Whilst I can’t deny some part of today’s struggle has been self-inflicted as a result of the weekend’s birthday festivities, I am nonetheless in wonder at the absolute FUCKTARDERY (excuse my French) of some organisations when it comes to customer ‘service.’ I ranted the other day about Bank of Scotland but today they’ve excelled themselves even further, keeping me on the phone for a SECOND FORTY FIVE MINUTE PREMIUM RATE PHONE CALL (and breathe…), at the end of which they were not only no closer to finding out what the problem is with my account that is preventing the balance transfer for which I applied for this card in the first place, they also managed to accidentally hang up on me. In my frankly irate state I completed a rage-filled complaint form and was duly called back by someone in the complaints team (a new one to add to the repertoire of players I’ve been fobbed off with in the past week), who has assured me she is now dealing personally with the matter. No doubt tomorrow will bring further anger-inducing developments in this painful saga. Stay tuned, folks…(and please trust me when I advise you never, ever to apply for a credit card with the Royal Bank of Scotland).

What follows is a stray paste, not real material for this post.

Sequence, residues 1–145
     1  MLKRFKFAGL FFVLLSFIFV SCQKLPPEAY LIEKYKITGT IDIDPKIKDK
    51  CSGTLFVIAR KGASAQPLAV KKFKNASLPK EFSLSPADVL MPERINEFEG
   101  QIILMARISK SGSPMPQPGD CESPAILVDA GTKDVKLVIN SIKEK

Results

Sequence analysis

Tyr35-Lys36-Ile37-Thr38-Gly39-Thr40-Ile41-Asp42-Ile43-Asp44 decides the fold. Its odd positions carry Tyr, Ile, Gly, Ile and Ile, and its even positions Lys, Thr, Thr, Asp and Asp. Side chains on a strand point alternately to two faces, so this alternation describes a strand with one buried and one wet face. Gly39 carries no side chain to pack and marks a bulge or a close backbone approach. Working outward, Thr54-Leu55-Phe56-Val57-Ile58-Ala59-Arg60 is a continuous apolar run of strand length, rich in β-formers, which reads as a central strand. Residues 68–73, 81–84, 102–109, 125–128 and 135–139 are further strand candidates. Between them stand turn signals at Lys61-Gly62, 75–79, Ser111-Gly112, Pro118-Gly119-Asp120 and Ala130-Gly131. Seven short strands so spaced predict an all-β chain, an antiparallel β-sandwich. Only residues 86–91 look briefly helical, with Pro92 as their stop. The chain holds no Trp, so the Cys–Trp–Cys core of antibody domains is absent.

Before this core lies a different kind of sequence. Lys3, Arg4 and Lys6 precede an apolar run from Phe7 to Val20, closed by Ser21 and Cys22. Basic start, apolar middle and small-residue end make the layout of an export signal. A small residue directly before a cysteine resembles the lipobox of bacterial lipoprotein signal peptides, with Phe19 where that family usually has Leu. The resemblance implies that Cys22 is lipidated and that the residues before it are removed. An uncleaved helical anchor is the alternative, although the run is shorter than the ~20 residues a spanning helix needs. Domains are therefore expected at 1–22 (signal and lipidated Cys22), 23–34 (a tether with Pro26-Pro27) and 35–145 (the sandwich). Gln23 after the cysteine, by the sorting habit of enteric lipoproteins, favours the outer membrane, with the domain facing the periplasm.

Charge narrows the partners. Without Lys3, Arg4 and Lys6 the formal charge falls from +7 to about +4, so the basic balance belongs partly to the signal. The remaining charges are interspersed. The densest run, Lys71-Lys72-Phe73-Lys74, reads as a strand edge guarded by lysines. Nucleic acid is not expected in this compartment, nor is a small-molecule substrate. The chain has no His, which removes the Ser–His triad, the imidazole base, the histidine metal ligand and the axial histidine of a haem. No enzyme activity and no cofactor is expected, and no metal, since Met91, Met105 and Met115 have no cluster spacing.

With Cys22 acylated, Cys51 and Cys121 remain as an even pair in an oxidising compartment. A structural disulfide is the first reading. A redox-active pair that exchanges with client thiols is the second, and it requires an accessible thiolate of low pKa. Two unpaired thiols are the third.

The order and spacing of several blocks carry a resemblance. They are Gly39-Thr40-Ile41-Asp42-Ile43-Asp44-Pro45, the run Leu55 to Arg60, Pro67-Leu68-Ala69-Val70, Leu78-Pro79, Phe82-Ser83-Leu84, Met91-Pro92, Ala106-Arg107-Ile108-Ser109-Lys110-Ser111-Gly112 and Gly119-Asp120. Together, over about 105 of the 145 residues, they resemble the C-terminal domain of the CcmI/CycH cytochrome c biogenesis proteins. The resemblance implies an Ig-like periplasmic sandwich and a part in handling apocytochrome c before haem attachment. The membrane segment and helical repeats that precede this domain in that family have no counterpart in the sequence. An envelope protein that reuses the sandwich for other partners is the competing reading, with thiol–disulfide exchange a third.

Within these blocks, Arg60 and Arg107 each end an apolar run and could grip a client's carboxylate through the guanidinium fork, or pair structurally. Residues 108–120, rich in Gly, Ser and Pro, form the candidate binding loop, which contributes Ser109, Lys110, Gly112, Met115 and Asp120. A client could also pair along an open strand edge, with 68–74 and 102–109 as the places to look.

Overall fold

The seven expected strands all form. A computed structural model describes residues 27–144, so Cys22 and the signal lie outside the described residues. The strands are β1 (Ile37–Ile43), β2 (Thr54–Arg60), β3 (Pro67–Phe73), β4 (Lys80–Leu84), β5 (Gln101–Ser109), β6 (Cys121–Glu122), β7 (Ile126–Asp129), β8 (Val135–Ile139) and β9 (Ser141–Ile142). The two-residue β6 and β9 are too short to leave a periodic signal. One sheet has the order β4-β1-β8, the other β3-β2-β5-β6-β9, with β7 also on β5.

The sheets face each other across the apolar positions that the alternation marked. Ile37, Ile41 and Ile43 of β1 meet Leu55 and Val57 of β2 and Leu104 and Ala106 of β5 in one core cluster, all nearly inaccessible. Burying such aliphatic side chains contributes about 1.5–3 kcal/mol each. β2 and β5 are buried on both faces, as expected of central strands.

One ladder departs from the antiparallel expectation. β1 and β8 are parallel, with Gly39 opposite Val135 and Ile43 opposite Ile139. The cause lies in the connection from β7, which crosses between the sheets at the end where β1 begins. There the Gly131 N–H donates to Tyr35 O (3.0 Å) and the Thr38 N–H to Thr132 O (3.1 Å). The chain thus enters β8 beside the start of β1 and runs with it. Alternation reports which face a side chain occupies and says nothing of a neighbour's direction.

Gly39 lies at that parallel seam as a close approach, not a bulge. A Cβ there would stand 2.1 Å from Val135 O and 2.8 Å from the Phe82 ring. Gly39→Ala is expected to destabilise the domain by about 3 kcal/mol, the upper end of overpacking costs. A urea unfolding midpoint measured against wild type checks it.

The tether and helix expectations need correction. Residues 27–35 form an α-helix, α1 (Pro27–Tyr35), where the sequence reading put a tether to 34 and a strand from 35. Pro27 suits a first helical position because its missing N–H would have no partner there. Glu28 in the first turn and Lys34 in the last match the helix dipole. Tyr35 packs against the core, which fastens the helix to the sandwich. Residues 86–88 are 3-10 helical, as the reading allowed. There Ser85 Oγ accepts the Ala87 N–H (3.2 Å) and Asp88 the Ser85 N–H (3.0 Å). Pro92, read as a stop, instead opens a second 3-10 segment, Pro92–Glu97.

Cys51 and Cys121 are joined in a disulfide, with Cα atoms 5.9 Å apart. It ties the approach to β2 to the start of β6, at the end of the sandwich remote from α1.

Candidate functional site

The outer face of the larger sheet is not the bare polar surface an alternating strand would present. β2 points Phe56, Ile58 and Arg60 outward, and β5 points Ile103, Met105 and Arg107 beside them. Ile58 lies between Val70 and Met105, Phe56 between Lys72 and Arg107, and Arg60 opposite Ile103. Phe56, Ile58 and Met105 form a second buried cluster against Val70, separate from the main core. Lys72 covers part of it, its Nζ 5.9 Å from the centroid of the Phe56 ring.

Meanwhile, the writing magazine website I recently subscribed to for the princely sum of £9.99 per quarter is also having trouble with identifying my account as a subscriber account, barring my access to the subscriber-only writing competitions that were a big part of why I signed up in the first place.
I honestly don’t know what I’ve done to offend the god of technology, but it must be something pretty awful to warrant all this torment….
It is 10am on the first (and only) lie-in of the week. The doorbell rings and my boyfriend leaps from the bed with uncharacteristic enthusiasm and bounds down the stairs like an excited puppy. Something, I think as I prop myself up on my pillows, is decidedly wrong with this picture.
Moments later he is struggling up the stairs holding a large box which, I subsequently discover, contains a 42 inch plasma screen television. All is suddenly clear. Some twenty minutes later we are sitting, on opposite sofas, staring at this new leviathan in our midst. An hour later still, nothing has changed. In such a short space of time our relationship has been distilled into this no-man’s land of technology over romance. We have access to every channel known to man, and yet, we are doomed.